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      07-13-2018, 11:02 AM   #1
delirium330
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Valve Cover Leak?

99% sure this is a classic valve cover leak, but figured worth getting a confirmation before I tackle this job. Was getting a burning smell at cold start... and upon inspection saw this.

I think I still have some Loctite RTV 598 from my last BMW valve cover job...
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      07-13-2018, 12:05 PM   #2
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Thats it. I just got the same thing starting finally after 10 years. You might want to open the oil cap and check to see how the inside of the cover looks. Mine is all gross and mustardy yellow with chunks falling off. No real worry of engine damage as the oil filter picks it up but its time for new covers with the gasket for me at my next opportunity to remove the super charger.
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      07-13-2018, 12:32 PM   #3
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Seems like the mustardy and peeling cover issue is common. Is it recommended to just replace the cover?
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      07-13-2018, 12:45 PM   #4
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Quote:
Originally Posted by shimmy23 View Post
Seems like the mustardy and peeling cover issue is common. Is it recommended to just replace the cover?
Yes. Its expensive but it takes care of the leak and mustard all at once. I think they are 650 each.
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      07-13-2018, 01:00 PM   #5
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Quote:
Originally Posted by Mvy View Post
Yes. Its expensive but it takes care of the leak and mustard all at once. I think they are 650 each.
Iíll have to do this eventually. Iíve noticed some leakage. Also read that the early covers can warp?
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      07-13-2018, 01:26 PM   #6
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Yellow mustard build up is interesting. I had a ton of mustard build up on my 2005 330i ZHP, was thick like mayo and I spent 2 hours trying to clean it up before putting the valve cover back on.
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      07-13-2018, 01:49 PM   #7
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Iíd probably clean it and see how long it takes to return. Obviously it wonít fix itself but it may not need immediate attention.
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      07-13-2018, 03:26 PM   #8
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Quote:
Originally Posted by pbonsalb View Post
Iíd probably clean it and see how long it takes to return. Obviously it wonít fix itself but it may not need immediate attention.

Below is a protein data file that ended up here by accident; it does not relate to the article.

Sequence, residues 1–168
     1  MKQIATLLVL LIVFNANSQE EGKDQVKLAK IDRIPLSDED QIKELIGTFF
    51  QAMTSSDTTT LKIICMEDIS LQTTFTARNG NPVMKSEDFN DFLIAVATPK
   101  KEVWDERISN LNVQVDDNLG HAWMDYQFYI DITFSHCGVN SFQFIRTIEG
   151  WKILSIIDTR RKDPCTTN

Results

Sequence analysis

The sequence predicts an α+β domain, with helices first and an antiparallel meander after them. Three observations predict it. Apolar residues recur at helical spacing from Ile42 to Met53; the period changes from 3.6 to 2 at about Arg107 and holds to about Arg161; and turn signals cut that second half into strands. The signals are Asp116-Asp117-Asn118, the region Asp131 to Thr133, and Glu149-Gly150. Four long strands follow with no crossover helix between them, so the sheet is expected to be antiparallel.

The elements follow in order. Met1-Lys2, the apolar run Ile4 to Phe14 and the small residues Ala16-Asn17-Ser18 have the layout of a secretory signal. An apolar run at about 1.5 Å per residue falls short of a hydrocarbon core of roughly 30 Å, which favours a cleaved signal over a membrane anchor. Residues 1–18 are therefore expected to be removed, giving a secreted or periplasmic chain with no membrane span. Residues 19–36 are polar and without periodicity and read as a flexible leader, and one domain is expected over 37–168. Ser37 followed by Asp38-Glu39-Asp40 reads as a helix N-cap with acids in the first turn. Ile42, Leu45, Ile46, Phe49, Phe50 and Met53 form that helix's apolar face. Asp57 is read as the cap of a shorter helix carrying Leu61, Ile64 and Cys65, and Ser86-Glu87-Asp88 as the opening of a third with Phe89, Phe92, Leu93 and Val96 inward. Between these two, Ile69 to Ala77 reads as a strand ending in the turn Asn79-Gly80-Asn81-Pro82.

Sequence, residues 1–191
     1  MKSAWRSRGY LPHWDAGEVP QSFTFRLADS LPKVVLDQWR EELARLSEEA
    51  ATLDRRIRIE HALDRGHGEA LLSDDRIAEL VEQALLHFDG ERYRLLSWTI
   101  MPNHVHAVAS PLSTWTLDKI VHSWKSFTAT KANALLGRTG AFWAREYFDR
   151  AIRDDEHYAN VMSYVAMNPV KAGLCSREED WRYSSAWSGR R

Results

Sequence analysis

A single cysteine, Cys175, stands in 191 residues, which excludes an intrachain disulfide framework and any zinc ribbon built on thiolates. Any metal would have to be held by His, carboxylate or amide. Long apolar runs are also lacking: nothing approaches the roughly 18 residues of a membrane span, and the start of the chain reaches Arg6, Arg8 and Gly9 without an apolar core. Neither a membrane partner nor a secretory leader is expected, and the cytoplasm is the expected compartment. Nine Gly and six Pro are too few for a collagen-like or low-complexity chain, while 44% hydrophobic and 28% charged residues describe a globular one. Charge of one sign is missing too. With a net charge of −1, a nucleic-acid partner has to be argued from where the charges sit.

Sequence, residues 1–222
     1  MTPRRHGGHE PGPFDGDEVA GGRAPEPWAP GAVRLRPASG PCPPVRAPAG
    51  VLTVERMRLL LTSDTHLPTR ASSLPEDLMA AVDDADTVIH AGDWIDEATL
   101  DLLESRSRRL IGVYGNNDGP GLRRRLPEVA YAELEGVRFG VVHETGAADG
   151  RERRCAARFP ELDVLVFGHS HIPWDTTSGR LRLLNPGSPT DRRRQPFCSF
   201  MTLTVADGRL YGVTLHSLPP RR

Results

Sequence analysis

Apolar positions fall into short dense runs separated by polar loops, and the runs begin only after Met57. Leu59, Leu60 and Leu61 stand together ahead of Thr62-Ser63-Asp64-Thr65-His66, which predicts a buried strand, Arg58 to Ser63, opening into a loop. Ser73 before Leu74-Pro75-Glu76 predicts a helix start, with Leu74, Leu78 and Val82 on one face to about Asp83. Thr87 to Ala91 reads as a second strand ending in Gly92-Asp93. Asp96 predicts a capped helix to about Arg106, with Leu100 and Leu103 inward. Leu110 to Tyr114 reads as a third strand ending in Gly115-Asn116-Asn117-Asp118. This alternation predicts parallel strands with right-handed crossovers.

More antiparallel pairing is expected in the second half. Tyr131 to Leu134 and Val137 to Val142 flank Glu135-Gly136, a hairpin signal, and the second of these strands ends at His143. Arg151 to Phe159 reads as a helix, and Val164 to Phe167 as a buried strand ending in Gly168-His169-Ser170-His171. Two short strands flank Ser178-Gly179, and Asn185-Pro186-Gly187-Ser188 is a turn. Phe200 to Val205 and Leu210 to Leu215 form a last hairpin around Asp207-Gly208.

I think its a coating inside that flakes off the magnesium valve cover. I think they put the coating on to protect it but the heat cycles makes it fall off. I am not sure if blasting and re coating it is the best idea, or if just blasting it clean and adding a new gasket would work. I am just leaning towards replacing as the time it will take to clean it up then recoat is going to cost me close to just replacing.
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      07-13-2018, 04:59 PM   #9
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The underside isn't fully coated like the exterior. The mfg coats the gasket grooves and any overspray into the underside is all it gets. It doesn't take much time for it to start deteriorating.

Two new covers are over $1200. Most people spend some time cleaning them up and reusing them. Take extra care to clean and smooth the gasket sealing grooves. I use a stainless wheel brush on a rotary tool.
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      07-14-2018, 04:29 PM   #10
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How bad for the car is it? Mine kinda weeps over a few hundred miles and I just wipe it off
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      07-14-2018, 07:09 PM   #11
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$1200 for a pair of valve covers is too much. I would rather get them sandblasted & powder coated matte red or some other interesting color on the outside, would not coat/color the inside so there would be none to flake off, shouldn't cost over $300 and look cool too!
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      07-15-2018, 07:04 AM   #12
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Quote:
Originally Posted by Mvy View Post
I think its a coating inside that flakes off the magnesium valve cover. I think they put the coating on to protect it but the heat cycles makes it fall off. I am not sure if blasting and re coating it is the best idea, or if just blasting it clean and adding a new gasket would work. I am just leaning towards replacing as the time it will take to clean it up then recoat is going to cost me close to just replacing.
I meant the exterior leak in the picture. BMW has been using magnesium valve covers on some cars since at least the early 90s ó M50 and M60 motorsó
and the paint or coating on the inside does flake off. The flaking has not killed those motors but maybe the earlier motors were more durable.

Not sure what a flake does when it drops? Disintegrate? Get trapped in the pick up or filter? Score a cam or crank journal?
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      07-17-2018, 09:43 AM   #13
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Quote:
Originally Posted by pbonsalb View Post
Not sure what a flake does when it drops? Disintegrate? Get trapped in the pick up or filter? Score a cam or crank journal?
I think the general consensus is it gets caught in the oil filter without causing damage.